Robots also mimic the wrist movements of surgeons, making them superior to laparoscopic surgery, which also uses small incisions, cameras and remotely controlled tools to reach into the body but doesn’t have the same ease of movement as the robots, Hayn said.
“The difficult part of a prostatectomy is the location. The prostate is embedded deep inside the pelvis,” Hayn said.
A week after the surgery, Kuzio said he was feeling good, taking walks around the block and only needing three opioids for pain control in the first few days after the procedure. The rest of the time he’s been taking over-the-counter pain medicine, and he’s been able to sleep well.
The big increase in robot-assisted operations at Maine Med from 2012 to 2017 outpaced the overall increase in surgical procedures at the hospital. All surgeries have increased by about 5 percent per year over the past several years. In addition to prostate surgeries, robots now assist surgeons with kidney cancer, difficult hernias and gynecologic cancers.
Robot-assisted surgeries have the best outcomes and are most justified for hard-to-reach areas of the body, such as for prostate removal and head and neck surgeries, according to a 2016 study published in The Milbank Quarterly, a scholarly journal. Outcomes for other surgeries – such as hysterectomies – were not as good.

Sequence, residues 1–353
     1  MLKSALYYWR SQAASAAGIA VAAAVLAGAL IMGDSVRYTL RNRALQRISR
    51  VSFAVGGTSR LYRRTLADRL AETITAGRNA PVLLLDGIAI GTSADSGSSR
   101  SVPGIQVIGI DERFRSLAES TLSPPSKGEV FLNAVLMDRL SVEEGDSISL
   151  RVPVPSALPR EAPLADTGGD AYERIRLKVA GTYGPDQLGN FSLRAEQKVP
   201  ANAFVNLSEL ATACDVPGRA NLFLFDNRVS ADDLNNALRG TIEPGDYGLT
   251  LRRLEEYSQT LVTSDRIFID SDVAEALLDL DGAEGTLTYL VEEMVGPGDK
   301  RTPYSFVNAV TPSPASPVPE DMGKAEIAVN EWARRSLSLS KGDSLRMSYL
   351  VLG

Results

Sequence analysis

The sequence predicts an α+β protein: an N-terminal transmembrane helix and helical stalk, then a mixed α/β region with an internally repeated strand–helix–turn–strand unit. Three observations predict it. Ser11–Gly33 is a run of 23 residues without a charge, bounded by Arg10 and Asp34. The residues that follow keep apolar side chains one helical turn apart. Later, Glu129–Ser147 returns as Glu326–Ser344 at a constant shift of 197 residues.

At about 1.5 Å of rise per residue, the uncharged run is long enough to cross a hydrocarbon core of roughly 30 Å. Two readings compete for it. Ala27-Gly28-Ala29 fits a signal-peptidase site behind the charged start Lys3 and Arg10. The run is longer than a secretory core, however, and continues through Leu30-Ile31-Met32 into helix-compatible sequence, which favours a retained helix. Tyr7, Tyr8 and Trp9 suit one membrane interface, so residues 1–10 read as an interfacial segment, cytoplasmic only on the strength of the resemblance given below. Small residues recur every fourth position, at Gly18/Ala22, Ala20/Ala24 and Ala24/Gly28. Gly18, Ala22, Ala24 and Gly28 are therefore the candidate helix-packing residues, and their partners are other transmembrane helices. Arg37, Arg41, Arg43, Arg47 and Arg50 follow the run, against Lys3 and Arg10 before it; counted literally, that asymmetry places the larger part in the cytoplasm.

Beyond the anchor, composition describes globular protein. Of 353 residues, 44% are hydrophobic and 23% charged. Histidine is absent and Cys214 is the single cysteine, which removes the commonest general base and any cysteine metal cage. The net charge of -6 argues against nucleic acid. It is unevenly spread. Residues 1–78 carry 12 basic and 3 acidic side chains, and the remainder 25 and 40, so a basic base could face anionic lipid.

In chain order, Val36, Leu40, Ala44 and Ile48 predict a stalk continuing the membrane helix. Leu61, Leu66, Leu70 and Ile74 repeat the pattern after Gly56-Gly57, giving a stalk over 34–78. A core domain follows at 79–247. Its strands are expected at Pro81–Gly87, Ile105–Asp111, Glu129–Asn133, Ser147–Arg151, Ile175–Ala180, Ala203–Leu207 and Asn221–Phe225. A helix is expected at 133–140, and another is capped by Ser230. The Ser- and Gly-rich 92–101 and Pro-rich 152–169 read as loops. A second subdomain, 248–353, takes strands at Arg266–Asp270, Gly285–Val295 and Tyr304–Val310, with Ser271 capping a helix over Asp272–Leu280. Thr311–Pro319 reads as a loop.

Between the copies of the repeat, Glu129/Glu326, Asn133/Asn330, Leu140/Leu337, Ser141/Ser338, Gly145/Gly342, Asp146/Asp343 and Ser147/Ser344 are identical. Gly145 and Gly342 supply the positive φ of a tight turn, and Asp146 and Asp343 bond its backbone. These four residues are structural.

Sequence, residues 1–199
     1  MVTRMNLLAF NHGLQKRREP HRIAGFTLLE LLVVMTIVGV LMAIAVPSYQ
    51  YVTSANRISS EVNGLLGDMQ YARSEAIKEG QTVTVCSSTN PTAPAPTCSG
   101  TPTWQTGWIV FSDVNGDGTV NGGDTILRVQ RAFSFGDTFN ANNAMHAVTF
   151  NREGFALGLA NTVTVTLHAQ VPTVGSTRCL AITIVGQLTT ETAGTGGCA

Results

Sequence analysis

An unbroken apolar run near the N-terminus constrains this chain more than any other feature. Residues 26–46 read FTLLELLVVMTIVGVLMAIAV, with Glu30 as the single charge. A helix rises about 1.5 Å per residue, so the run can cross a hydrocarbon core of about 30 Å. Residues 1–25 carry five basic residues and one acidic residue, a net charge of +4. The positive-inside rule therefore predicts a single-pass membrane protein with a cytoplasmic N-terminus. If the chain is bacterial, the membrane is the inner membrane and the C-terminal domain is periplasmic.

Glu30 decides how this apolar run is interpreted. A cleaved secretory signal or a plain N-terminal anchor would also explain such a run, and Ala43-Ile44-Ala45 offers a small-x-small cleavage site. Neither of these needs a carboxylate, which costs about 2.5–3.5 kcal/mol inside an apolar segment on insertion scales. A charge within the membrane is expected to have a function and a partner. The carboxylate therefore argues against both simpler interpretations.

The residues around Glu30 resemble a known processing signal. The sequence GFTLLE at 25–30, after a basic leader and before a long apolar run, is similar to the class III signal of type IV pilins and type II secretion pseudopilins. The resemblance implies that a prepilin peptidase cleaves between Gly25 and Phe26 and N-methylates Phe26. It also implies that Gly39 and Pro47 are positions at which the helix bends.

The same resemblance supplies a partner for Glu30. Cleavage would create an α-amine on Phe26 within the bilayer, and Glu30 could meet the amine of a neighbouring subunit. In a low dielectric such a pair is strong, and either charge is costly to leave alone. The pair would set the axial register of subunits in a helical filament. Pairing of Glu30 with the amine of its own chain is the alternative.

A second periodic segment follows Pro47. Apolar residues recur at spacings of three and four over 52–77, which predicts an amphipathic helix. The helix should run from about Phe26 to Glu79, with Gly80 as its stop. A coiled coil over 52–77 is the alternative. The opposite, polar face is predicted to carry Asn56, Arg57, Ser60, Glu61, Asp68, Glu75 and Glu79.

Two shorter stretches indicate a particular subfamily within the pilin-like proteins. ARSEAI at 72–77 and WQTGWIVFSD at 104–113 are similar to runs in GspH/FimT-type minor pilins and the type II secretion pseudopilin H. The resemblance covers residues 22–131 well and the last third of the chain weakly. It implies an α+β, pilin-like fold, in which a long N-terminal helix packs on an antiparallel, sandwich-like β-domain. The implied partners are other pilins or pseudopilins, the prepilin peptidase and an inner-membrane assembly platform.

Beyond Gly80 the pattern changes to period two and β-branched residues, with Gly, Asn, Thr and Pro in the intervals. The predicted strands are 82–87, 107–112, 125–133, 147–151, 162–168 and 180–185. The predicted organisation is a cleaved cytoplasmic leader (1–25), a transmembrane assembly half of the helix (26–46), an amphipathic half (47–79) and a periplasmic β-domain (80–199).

Robot surgeries typically cost $3,000 to $6,000 more than traditional surgery, according to the study.
More than 90 percent of prostate removal surgeries are now done using robots, according to The Milbank Quarterly
Kuzio said that after he learned he had intermediate-stage prostate cancer, his choices were radiation or robot-assisted surgery. He said surgery was an easy choice after reading many books and articles on the topic.
“Everything I read was completely positive. I feel very confident,” said Kuzio, a potter who is married and has an adult daughter, a day before the surgery.
Hayn said just because the hospital has more robots doesn’t change the fact that robot use has to be justified. For instance, in prostate cancer, which is often slow-growing, the guidelines suggest “active surveillance” of the cancer is better in many cases than surgery, depending on the age of the patients.
The research showing improved outcomes must be available before Maine Med will add more types of surgical procedures that use the robots. Hayn sits on a 20-person robot committee that considers proposals to add procedures to the list that can use the robots.
“It doesn’t mean it’s always the right thing to do. Just because you can do something doesn’t mean you should,” Hayn said.
Dr. Brad Waddell, interim chief of surgery at Eastern Maine Medical Center in Bangor, agreed, noting that EMMC has a steering committee to decide whether to use robots for certain surgeries.
“It’s a balancing act,” Waddell said. “We make sure the (robotic) surgeries are only used when appropriate.” But he noted that as medicine advances, more procedures are being found to benefit from robotic surgery.
Eastern Maine, which like Maine Med has three robots, uses them for some colorectal and thoracic surgeries, some hernias and hysterectomies. Eastern Maine performed 783 robot-assisted surgeries in 2017, and is expected to do more than 1,000 this year and in 2019.
Laparoscopic surgery became much more common in the 1990s, while robot-assisted surgery started in the 2000s, with increasing frequency in the last five to 10 years.
CRITICISM, COSTS AND COMPETITION
Some health experts criticize the expansion of robot-assisted surgery, especially for certain types of surgeries.